To The Study of Lenin and Our Party

by Alex Bittelman

Preface: We are recirculating Alex Bittelman’s 1932 article To the Study of Lenin and Our Party from Vol. 11, no. 1 of The Communist, the former theoretical organ of the Communist Party USA (CPUSA). This article is important for American Communists to study because it provides an outline of those contributions of Lenin which were key to the concretization and early Bolshevization of the American Communist movement. It additionally discusses some material ways in which Lenin interacted with and influenced the Bolsheviks in America.

Warning is given both to the dangers of sectarianism, as well as the menaces of revisionism and opportunism. This warning is administered in the true spirit of Lenin’s warning that “[u]nity is a great thing and a great slogan. But what the workers’ cause needs is the unity of Marxists, not unity between Marxists, and opponents and distorters of Marxism.”[1]

It is to be noted that allusions to the T.U.U.L. (Trade Union Unity League) represented the official line of the Comintern during the period in which this article was originally written (1929-1935), which endorsed dual unionism.

It is high time that a thorough study be undertaken of the development of Marxism-Leninism in the United States. This is made necessary by many reasons chief among which is the need of strengthening theoretically the membership of the Party and its leading cadres.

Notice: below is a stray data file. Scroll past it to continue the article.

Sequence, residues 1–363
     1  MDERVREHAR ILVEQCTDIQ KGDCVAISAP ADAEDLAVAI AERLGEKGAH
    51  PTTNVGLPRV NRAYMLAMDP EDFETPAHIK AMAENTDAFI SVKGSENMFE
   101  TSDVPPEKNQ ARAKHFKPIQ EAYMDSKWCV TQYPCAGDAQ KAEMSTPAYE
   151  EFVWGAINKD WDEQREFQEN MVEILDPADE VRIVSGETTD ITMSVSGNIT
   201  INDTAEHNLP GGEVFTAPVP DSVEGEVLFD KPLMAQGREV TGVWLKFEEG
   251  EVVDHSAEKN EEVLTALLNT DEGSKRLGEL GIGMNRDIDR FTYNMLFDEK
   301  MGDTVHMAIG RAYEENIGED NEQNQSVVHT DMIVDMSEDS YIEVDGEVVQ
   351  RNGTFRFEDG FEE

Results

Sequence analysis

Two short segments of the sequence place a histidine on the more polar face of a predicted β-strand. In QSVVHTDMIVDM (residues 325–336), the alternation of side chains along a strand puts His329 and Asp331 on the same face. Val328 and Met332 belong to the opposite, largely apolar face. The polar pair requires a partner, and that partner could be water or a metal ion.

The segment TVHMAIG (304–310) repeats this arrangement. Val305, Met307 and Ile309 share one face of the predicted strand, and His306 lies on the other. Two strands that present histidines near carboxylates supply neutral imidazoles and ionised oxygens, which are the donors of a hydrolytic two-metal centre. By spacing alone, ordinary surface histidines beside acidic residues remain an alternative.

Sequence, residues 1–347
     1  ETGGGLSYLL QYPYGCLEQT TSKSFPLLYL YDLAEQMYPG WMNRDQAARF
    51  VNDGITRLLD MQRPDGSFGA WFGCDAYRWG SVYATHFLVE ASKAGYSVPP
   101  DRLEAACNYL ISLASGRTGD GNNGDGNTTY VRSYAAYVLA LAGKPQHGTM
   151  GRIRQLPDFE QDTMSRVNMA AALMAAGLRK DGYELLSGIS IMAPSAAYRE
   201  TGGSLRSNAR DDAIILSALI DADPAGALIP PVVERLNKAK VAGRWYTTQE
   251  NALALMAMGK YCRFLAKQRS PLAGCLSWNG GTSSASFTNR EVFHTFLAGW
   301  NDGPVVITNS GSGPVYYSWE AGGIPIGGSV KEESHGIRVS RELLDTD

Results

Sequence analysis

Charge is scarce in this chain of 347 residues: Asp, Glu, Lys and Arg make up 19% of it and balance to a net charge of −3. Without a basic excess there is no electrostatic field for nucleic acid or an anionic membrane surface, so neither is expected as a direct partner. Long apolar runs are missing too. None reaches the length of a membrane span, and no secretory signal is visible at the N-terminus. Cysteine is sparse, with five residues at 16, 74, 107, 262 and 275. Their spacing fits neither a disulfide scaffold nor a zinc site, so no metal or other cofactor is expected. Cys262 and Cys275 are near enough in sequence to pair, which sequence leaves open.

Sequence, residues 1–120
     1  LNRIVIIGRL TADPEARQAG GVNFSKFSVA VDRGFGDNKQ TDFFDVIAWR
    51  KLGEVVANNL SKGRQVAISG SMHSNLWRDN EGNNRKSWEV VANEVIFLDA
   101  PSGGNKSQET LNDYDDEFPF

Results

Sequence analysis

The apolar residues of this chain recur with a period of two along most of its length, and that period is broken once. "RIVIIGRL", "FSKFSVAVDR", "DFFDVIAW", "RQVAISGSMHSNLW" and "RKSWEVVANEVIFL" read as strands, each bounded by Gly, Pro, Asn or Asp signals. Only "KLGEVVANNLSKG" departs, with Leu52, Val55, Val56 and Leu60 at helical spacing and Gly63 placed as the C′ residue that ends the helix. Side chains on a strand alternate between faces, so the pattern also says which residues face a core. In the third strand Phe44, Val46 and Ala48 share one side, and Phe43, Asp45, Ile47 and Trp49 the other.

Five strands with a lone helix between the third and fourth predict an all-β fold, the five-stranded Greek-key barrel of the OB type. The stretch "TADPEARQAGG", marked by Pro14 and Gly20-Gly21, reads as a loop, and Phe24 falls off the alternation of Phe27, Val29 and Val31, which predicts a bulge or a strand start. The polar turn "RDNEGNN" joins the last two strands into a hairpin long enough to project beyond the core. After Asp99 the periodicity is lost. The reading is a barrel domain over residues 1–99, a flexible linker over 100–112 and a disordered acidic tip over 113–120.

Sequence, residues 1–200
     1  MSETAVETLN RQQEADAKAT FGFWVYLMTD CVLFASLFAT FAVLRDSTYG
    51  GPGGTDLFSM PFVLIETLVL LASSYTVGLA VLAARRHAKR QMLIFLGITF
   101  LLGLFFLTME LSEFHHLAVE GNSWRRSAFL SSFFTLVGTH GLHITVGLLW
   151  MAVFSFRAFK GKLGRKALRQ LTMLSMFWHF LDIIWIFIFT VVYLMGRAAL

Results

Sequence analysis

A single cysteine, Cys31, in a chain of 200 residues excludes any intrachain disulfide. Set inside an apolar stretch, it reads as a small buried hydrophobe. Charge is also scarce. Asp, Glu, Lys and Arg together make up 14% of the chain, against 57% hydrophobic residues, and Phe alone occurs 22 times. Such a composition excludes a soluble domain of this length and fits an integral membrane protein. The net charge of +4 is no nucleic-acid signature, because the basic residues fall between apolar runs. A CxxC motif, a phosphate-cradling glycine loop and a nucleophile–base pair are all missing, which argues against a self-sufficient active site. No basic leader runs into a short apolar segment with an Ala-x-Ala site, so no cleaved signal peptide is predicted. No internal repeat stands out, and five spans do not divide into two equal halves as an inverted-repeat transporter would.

With the increase in the volume and complexity of our practical everyday tasks, the need for such a theoretical study will become more acute. At the same time, the growing leading role of our Party in the class struggle of the American proletariat; and the resulting practical experiences, continually create more of the requisites for a scientific study of the development of Leninism in the United States. Only such a study will bring out fully the role of Lenin in the origin and establishment of our Party.

To speak of Lenin and our Party means, first of all, to trace the effect upon the labor movement in the United States of the struggle against opportunism that was carried on by the Bolsheviks, under the leadership of Lenin, approximately since 1903. It was in this historic fight against world opportunism, especially against the opportunists of the Second International, led by the Bolsheviks ever since the Bolshevik group became crystallized in Russia in 1903-04, that the ideological and organizational foundations were created for the eventual formation of the Communist International and for the formation of our Party as the United States section of the Communist International.